Thursday, July 26, 2012

Sweet + Zwilling's "Mission to Tibet" Book Review

This new edition of Notizie istoriche, which was consulted by Pomplum as in turn his study informed this edition, appeared in the same year, 2010. Translated by Michael Sweet and edited by Leonard Zwilling as Mission to Tibet, this massive compendium collects what is necessary to comprehend Fr. Ippolito Desideri, S.J., within his own writings, alongside a brief report from his early confrere Manoel Freyre. Desideri reworked his account often, and this version allows readers to compare, thanks to a generous introduction, careful endnotes, and appendices, how the Jesuit honed his narrative as he tried—in vain—to convince the Vatican upon his return from Tibet the priority that his Society held over the Capuchins to control the Catholic mission assigned by a rather vaguely defined set of boundaries that included, with some room evidently for error, the “third” or innermost region of the Himalayan heartland.

Fr. Ippolito energetically marshals, as Pomplum explains and Professors Sweet and Zwilling document, the claims of the Jesuits against his Franciscan rivals, even as personally he graciously thanks the friars for their assistance during not only his roughly seven years in the Himalayas, but over his decade-and-a-half away from Italy on his wide-ranging mission to, in, and from the Indies. He likewise acknowledges the hospitality shown by his Buddhist hosts in Lhasa. They grant the newly arrived priest time to prepare his objections for debate, the better to allow a fair contest between one who has barely learned their daunting language and the comparatively tolerant lamas themselves.

Desideri argues against what he calls “metempsychosis” as the transmigration of souls, against the doctrine of emptiness, and against the non-theistic nature of their “false religion.” He prepares a catechism designed to woo the elite away from their faith, the better to weaken its sway over the middle and lower classes. This applies the Jesuit approach towards missionizing.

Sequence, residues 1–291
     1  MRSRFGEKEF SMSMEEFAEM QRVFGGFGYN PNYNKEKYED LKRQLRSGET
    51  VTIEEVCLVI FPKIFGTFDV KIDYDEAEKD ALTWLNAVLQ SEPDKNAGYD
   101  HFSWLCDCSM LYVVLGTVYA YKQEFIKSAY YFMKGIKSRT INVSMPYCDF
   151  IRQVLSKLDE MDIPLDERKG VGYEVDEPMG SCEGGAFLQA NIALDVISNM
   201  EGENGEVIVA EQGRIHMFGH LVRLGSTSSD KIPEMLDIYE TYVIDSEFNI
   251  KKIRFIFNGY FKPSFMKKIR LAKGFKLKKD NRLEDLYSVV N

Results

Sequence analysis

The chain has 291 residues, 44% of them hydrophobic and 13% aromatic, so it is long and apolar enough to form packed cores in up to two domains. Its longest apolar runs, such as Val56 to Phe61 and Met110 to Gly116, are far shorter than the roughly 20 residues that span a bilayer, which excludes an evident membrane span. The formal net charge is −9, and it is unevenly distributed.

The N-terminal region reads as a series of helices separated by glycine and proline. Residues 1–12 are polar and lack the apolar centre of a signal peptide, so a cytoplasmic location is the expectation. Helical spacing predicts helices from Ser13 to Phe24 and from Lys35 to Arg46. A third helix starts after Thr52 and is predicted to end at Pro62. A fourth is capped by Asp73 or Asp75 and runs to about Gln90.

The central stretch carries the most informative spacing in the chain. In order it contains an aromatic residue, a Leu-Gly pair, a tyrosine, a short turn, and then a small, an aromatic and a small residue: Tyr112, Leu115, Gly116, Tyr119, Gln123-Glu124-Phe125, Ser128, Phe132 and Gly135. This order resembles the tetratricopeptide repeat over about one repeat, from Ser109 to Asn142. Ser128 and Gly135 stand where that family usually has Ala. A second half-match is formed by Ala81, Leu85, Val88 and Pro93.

While Desideri skillfully channels the arguments of the lamas, as when he seems to defend the “supposed virtue” of their practice of sky burial, he does this the better to defeat their delusions. He judges Tibetans as truly compassionate. Yet, he cannot condone their superstitions. His logic and his faith, both articulated over many pages of this hefty report, compare the natural goodness with their ultimate damnation, for idolatry and ignorance.

Ethically, he praises their “inclination to mercy” among those meritorious “things practiced by this blind people,” which put to shame the efforts of many Christians (Mission 283).  While eerily able to expound the proofs set out in Buddhist texts that portray their doctrines as convincing, Desideri accomplishes this verbal feat only to demolish the Dharma he examines. He approves the Tibetans for a “natural inclination to good and their propensity to virtue,” even as he must condemn their entrapment by the snares of the Devil in keeping them from the “true religion.”

With exacting reason, he interprets the intricate selection of a new incarnation of a lama; Desideri concludes after painstaking analysis that neither a boy barely able to talk nor the lamas assigned to interrogate him nor the toddler’s parents can be held culpable for what can only be a clever stratagem of Satan himself.  The denial by the faithful of Tibet of a First Cause makes their religion atheistic in theory if not practice, moreover. Applying classical philosophy and Catholic scholasticism, the Jesuit dismantles Buddhist philosophy as Tibetan scholasticism. Summarizing a work Desideri has translated (an English edition may be in preparation) of Tsongkhapa’s Lam rim chen mo (“Great Stages of the Path”), the missionary compellingly tells in his judgment how the Devil crafts this as a glittering lure.

Desideri knows Tibetans do not worship the figures they conjure up to bow to or depict on their tapestries, but he also must convince his devout readers of the seductive construction that these “pagans” create and refine. The “veneer and façade” of their elaborate “sect” hides deceit behind “pretty tinsel,” as if the Devil crafted a beautiful artifice within which to trap Tibetans within the errors of denying a Creator and of asserting emptiness as the fundamental dogma by which damnation will be achieved for his earnest, learned, but doomed hosts, teachers, and friends (Mission 364).